- Chemicals – Hydrocarbons, carbon monoxide, arsenic, lead, phosphorus, mercury, cobalt
- Physical agents (radiation, heatstroke, hypothermia)
- Acute rheumatic fever
- Systemic inflammatory disease – Giant cell myocarditis, sarcoidosis, Kawasaki disease, Crohn disease, systemic lupus erythematosus, ulcerative colitis,
- Wegener granulomatosis, thyrotoxicosis, scleroderma, rheumatoid arthritis
- Peripartum cardiomyopathy
- Posttransplant cellular rejection
Myocarditis also sometimes occurs if you’re exposed to:
- Medications or illegal drugs that might cause an allergic or toxic reaction. These include drugs used to treat cancer; antibiotics, such as penicillin and sulfonamide drugs; some anti-seizure medications; and some illegal substances, such as cocaine.
- Chemicals or radiation. Exposure to certain chemicals, such as carbon monoxide, and radiation can sometimes cause myocarditis.
- Other diseases. An auto immune disease (when a person’s own immune system attacks their body). These include disorders such as lupus, Wegener’s granulomatosis, giant cell arteritis and Takayasu’s arteritis.
In viral myocarditis, viral isolates differ in tissue tropism and virulence. For example, coxsackievirus A9 is a self-limiting myocarditis, whereas coxsackievirus B3 causes severe myocarditis resulting in a high mortality rate. The induction of the coxsackie-adenovirus receptor (CAR) and the complement deflecting protein decay accelerating factor (DAF, CD55) may allow efficient internationalization of the viral genome.
Viral replication may lead to further disruption of metabolism and to perturbation of inflammation and its response. Vasospasm induced by endothelial cell viral infection may also contribute to further damage 50).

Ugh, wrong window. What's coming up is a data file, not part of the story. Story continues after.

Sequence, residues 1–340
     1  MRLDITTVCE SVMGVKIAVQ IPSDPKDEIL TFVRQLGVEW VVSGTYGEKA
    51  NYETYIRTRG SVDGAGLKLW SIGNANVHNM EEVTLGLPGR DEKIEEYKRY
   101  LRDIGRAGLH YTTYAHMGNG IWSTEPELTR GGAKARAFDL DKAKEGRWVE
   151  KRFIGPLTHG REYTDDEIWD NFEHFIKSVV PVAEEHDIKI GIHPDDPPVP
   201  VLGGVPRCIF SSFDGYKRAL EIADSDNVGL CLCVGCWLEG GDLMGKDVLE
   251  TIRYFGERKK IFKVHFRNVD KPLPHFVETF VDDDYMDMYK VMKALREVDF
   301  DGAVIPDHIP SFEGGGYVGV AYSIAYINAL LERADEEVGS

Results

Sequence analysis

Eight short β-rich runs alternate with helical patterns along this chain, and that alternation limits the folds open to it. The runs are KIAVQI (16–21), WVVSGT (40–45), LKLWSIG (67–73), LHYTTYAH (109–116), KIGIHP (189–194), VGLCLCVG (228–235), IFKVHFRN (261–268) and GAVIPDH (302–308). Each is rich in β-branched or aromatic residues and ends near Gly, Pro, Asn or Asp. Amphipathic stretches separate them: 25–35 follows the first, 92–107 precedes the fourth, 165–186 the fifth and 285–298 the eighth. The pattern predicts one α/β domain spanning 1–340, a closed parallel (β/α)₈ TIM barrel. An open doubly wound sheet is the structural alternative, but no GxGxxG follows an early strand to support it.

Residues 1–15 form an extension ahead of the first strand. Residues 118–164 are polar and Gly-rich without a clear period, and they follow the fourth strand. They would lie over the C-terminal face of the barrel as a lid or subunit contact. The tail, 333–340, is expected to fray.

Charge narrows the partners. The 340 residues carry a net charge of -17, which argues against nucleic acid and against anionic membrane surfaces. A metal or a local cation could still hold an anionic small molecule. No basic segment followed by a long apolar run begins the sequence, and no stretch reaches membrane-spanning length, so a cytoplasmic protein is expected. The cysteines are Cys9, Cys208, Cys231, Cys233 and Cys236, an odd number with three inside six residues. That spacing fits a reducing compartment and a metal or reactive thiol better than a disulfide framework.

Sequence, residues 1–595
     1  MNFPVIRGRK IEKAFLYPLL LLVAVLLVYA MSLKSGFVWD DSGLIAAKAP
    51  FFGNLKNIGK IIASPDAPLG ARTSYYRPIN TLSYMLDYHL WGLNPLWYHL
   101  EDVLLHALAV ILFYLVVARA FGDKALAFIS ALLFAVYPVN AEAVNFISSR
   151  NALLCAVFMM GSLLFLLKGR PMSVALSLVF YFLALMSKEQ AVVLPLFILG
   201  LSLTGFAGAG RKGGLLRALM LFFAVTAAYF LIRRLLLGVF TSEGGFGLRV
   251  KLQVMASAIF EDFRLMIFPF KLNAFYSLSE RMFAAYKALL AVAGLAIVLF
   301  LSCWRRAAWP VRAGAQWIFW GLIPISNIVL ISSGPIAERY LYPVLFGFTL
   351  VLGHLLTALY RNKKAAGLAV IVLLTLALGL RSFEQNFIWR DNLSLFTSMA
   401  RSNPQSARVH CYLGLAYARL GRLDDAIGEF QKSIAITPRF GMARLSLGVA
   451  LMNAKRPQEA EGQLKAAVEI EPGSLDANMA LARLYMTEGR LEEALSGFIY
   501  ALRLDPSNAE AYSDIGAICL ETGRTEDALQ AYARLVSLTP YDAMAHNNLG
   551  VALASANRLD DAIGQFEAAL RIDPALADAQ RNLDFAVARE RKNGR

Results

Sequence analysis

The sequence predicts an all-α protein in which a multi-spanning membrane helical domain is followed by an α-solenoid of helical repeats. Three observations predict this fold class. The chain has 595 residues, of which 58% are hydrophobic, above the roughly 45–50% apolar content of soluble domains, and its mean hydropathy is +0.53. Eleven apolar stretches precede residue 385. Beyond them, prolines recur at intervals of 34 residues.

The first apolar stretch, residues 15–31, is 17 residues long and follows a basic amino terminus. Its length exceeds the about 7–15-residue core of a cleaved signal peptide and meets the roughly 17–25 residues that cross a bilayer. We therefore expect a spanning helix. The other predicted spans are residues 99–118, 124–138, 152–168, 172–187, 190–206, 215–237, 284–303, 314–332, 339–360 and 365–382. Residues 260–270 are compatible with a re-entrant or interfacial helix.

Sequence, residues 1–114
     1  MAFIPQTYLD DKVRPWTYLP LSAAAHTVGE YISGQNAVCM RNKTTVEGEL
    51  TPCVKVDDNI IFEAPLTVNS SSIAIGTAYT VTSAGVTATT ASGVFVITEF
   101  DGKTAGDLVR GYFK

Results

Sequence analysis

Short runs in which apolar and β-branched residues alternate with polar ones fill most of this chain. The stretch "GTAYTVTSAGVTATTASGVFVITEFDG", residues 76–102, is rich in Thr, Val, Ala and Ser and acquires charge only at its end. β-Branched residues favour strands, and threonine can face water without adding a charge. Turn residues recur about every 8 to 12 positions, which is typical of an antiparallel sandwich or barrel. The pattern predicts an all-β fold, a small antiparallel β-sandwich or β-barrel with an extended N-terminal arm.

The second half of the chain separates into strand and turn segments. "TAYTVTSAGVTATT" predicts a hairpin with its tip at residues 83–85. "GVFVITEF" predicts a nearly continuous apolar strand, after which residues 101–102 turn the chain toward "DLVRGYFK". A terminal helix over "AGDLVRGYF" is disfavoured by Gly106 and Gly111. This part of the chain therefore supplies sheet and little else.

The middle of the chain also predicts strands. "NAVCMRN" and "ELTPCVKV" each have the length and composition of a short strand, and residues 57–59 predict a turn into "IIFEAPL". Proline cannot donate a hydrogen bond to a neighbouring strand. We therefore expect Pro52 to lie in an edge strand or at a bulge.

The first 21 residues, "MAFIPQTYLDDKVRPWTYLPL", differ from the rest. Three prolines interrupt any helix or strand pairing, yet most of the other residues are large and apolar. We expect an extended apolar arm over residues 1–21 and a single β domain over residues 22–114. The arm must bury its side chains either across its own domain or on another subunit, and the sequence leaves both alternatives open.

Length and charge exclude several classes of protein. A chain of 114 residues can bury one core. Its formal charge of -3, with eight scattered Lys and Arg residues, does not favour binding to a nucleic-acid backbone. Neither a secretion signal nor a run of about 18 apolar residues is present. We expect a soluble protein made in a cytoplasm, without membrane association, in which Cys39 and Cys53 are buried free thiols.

New evidence of dystrophin disruption by expression of enteroviral protease 2A points to yet another unique pathogenic mechanism. 51) In contrast, some viruses (such as parvovirus B19) may focus on pericapillary depositions, contributing to diastolic dysfunction rather than to direct myocyte destruction. Regardless, viral persistence provides the necessary stimuli for autoimmune or other inflammatory responses.
Approximately 50% of the time, myocarditis is classified as idiopathic, although a report by Klugman et al 52) found that 82% of the pediatric cases studied were considered idiopathic. The investigators also determined that 3% of cases in the study had a known bacterial or viral etiology, and that 6% of cases were related to other diseases.
In idiopathic cases, a viral etiology is often suspected but unproved, even with sophisticated immunohistochemical and genomic studies. Studies on patients with idiopathic dilated cardiomyopathy found evidence of viral particles in endomyocardial biopsy specimens in up to two thirds of the patients 53).
Risk Factors for Myocarditis
- 1) Viral infections: Coxsackie, Influenza, Rubella, Polio, Adeno and HIV have all been implicated.
- 2) Bacterial infections with agents such as Corynebacterium, Rickettsia, Chlamydia and Coxiella.
- 3) Protozoal infections: Trypanosoma Cruzi which causes Chagas’ disease and is common in South America and Toxoplasma Gondii are both known to cause myocarditis.